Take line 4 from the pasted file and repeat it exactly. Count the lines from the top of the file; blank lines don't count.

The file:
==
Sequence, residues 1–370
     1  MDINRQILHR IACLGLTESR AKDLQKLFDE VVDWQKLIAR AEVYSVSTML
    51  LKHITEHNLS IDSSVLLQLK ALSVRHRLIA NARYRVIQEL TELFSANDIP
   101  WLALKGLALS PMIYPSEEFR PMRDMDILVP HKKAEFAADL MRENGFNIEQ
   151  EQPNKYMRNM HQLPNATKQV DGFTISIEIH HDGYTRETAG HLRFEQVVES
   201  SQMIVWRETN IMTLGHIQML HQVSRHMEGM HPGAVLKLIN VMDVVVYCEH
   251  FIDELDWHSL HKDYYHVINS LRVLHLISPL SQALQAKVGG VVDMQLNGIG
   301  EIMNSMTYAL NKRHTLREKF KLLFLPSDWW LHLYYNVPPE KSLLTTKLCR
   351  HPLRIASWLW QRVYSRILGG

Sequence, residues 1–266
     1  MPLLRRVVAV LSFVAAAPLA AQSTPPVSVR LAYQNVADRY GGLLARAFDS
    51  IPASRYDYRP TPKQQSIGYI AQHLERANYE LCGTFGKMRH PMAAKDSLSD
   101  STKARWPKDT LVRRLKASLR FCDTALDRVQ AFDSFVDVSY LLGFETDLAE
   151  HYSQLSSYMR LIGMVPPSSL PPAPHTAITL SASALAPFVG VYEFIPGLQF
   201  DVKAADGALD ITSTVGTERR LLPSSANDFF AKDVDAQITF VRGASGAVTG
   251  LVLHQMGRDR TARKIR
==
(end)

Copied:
   101  WLALKGLALS PMIYPSEEFR PMRDMDILVP HKKAEFAADL MRENGFNIEQ